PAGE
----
Saving For a Down Payment? 10 Tips That Really Work!

Everyone daydreams of buying their own place, but with the rising cost of homeownership, saving up enough money for a down payment on even a small place can seem like an impossible task.

But with careful planning and a little creativity, you can have enough money saved for a down payment sooner than you ever expected.

Separate Bank Account

Open a separate bank account and only put money in it for your down payment. Don’t touch the money in that account until you’re ready to buy your home. Having a separate account will help you keep track of your savings, and watching the balance grow will help you stay motivated to put every spare dollar toward your down payment.

Brown Bags and Travel Mugs

not only does homemade food taste better, but it can save you big money

It’s easy to spend $20 a day on coffee and lunch if you eat out during the workweek. By brown-bagging your lunch and using a travel mug to bring home brew coffee, that $20 per week will contribute more than a thousand dollars to your new home fund in a year.

Netflix, Newspapers, and Other Subscriptions

Do you have a slew of magazine subscriptions collecting dust on your coffee table? If you’re saving for a down payment, it’s time to cancel these subscriptions. Canceling your cable and opting to watch television shows or movies over the internet can also save you a small fortune.

Unexpected Money

Did you get a holiday bonus from work that you weren’t expecting? Or maybe win a few hundred dollars the last time you played bingo? Or a lucky lotto ticket?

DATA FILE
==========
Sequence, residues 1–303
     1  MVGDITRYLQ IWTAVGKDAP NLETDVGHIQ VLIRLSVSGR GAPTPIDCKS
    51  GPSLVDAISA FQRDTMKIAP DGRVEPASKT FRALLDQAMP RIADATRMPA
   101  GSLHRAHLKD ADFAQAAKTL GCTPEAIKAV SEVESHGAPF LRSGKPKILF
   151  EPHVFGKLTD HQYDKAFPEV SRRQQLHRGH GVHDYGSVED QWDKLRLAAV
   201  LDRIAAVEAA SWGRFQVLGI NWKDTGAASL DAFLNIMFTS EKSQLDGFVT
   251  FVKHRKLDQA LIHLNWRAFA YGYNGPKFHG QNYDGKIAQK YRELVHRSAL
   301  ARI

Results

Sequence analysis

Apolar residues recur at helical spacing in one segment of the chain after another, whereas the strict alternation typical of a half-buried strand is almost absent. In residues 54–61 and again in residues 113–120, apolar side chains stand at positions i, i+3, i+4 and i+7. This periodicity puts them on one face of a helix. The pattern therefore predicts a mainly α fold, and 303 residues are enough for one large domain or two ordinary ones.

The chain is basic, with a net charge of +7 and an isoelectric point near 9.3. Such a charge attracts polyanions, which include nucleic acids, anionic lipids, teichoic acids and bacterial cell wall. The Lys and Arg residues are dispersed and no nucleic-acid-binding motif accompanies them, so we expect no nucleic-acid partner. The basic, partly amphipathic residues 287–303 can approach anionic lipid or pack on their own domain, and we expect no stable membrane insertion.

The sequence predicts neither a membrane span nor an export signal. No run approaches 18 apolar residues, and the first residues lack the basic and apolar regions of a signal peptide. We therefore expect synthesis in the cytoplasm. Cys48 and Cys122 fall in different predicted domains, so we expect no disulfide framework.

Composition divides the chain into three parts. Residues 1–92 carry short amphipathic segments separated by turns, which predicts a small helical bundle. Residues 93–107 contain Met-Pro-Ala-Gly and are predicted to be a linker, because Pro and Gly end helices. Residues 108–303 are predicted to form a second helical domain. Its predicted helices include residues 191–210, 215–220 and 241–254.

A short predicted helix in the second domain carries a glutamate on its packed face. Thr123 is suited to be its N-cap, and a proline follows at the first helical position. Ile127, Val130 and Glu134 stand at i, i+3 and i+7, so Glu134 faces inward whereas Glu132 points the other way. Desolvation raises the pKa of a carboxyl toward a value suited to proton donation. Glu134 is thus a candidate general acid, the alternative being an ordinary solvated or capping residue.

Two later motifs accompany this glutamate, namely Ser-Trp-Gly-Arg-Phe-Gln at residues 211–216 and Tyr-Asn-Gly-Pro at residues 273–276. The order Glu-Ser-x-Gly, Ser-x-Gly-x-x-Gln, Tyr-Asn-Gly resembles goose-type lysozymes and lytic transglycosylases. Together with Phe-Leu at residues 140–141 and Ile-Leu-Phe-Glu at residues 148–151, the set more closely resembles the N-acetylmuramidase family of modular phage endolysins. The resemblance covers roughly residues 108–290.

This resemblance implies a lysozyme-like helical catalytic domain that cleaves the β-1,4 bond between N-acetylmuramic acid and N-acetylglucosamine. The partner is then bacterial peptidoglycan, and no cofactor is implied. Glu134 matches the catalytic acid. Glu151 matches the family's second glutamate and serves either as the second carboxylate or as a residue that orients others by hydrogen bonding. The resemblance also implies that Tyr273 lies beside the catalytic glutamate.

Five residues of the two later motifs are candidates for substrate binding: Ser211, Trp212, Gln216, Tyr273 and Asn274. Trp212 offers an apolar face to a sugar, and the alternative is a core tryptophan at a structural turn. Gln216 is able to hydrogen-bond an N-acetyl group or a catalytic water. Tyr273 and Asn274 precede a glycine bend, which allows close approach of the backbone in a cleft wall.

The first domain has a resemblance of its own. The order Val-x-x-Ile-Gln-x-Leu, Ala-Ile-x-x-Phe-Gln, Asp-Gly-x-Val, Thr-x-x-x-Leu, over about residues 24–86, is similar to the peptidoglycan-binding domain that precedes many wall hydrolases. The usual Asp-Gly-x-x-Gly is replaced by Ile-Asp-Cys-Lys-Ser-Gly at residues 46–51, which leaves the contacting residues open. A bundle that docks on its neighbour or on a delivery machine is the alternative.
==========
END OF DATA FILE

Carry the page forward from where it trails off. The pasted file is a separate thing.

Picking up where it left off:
Deposit any unexpected money into your bank account. And if you’re lucky enough to come into a sizeable windfall, such as an inheritance, consider investing your funds into a short-term, high-interest account for additional earnings, all going towards your new home.

Family and Friends

If you find yourself close to the required amount, but still just a little short, consider checking in with family and friends who may be able to help with a short-term, low- or no-interest loan. Pay them off first, and be sure to invite them to see the house before anyone else.

Reduce Retirement Contributions Temporarily

For a short period, reducing your retirement contributions can help you save for your down payment. Contribute less to your retirement only for the duration that you’re actively saving. Once you have the down payment covered, don’t forget to increase your retirement contributions once again!

eBay, Etsy, and Kijiji, Oh My!

turning your hobby into a side hustle can bring in extra cash

Saving for a down payment means you’ll have a move in your future. And that’s an ideal opportunity to evaluate your possessions and declutter. Haven’t used that sewing machine in years? Have a treadmill you always meant to unpack but never got around to setting up? Sell them online and add money to your growing bank account.

Consider Working a Second Job

If you’re able, taking on a second, a part-time job can help you increase your savings for a down payment. Look for ways to earn money for something you already do, from a hobby or pastime. For example, do you love walking your dog? Could you walk a second dog at the same time? If so, you could add another $15 – $20 per hour just by walking around your neighborhood with your pup and a canine companion.

Gift Money

Do you get money from family or friends when your birthday or the holidays come around? These little gifts can give your savings account a fantastic boost. Send a thank-you note and let your family or friends know that you’ve put the money toward your new home.